The question of which language to best instruct children in during their formal education is a long-standing debate in Nigeria, and across Africa.
Research carried out in African and non-African contexts has clearly shown that children learn best in a language they understand and speak fluently. Learning in such a language environment carries significant cognitive, socio-emotional and cultural benefits. In a linguistically complex environment like Nigeria, what is the best language policy for supporting and enhancing student learning? What are the language solutions that will provide real quality education to Nigerian children, giving them the knowledge and skills they need for economic well-being and lifelong learning?
In order to answer some of these questions, British Council, in partnership with UNICEF, is conducting a research into the impact of language of instruction policy and practice on student learning outcomes in Nigeria. The first part of the research is a literature review of the current situation, drawing on the experience of academics, policy makers and programme implementers across the country.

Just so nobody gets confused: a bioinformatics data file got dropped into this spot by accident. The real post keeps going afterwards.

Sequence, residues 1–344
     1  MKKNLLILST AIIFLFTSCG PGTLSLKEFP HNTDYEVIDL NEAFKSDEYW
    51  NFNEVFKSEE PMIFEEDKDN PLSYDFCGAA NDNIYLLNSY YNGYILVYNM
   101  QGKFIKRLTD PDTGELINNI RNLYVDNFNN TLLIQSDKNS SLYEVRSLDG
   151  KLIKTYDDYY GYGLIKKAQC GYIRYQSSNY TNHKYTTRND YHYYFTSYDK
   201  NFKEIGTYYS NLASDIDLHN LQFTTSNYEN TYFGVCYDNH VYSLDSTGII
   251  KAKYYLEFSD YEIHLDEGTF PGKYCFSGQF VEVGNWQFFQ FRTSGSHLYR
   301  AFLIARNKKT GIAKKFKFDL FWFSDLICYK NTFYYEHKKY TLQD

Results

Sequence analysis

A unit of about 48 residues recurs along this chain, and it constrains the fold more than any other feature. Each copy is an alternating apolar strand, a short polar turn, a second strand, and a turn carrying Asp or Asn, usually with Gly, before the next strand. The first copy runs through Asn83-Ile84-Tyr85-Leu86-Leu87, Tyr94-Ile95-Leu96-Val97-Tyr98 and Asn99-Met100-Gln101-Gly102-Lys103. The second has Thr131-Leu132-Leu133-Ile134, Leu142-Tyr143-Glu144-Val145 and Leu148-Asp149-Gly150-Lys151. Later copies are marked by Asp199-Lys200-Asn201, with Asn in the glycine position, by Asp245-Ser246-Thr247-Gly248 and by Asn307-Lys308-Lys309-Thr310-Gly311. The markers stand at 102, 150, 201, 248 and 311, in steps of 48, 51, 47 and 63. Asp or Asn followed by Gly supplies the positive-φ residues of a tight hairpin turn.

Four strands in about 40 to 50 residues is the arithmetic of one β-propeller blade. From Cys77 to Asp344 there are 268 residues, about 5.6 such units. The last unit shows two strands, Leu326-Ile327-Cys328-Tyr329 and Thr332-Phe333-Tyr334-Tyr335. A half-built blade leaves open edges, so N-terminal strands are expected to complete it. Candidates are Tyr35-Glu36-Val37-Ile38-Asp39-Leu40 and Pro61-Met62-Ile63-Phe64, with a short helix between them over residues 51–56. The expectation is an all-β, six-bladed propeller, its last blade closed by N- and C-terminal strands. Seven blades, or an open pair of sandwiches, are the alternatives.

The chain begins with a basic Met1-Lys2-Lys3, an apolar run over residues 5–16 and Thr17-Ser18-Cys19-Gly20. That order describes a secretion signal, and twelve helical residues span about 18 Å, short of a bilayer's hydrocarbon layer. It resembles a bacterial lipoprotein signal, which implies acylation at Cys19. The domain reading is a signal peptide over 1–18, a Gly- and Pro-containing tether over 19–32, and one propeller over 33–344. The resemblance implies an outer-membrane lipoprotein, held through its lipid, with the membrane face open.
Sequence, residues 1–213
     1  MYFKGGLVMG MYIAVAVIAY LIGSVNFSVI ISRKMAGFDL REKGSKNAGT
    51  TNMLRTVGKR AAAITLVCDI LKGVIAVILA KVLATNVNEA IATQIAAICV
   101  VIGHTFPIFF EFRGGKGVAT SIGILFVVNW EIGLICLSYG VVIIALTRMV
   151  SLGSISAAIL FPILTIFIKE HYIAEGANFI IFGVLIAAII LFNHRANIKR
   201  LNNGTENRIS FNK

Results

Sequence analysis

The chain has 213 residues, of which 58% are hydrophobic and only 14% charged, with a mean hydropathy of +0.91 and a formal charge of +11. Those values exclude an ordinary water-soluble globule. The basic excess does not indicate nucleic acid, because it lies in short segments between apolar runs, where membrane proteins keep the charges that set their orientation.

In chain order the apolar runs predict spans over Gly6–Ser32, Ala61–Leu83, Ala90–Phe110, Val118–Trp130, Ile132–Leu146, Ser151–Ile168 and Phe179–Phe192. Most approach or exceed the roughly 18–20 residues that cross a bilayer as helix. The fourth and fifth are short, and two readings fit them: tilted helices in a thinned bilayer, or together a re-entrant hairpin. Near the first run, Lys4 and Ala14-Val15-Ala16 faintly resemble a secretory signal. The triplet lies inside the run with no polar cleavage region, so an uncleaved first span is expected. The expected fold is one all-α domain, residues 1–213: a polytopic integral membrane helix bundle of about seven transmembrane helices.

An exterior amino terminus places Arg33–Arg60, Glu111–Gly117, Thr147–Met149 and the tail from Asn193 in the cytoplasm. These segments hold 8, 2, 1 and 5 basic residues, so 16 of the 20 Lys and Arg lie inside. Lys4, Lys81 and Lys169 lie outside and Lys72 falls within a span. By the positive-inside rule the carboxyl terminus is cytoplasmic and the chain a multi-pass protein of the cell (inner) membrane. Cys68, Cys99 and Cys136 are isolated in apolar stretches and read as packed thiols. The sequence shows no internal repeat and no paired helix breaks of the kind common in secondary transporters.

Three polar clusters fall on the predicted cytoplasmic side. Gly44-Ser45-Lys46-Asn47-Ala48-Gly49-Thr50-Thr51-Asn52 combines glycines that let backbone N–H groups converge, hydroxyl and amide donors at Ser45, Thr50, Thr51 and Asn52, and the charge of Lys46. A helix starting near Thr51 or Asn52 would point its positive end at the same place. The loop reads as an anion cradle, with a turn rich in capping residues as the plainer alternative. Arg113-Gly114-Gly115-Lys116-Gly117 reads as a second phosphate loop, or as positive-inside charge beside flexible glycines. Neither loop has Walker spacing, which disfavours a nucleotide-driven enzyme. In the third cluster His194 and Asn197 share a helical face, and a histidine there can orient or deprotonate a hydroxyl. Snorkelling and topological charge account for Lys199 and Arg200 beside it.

This research builds on the British Council’s Language Policy Dialogues, which started in 2016 in Nigeria and bring together experts in the field of language use in the classroom. Working with other international development partners, the Language Policy Dialogues have provided a regular forum for a community of practice to debate the latest evidence from programme implementation, strategies that can develop best practice, and how to best work with government at all levels to scale these up.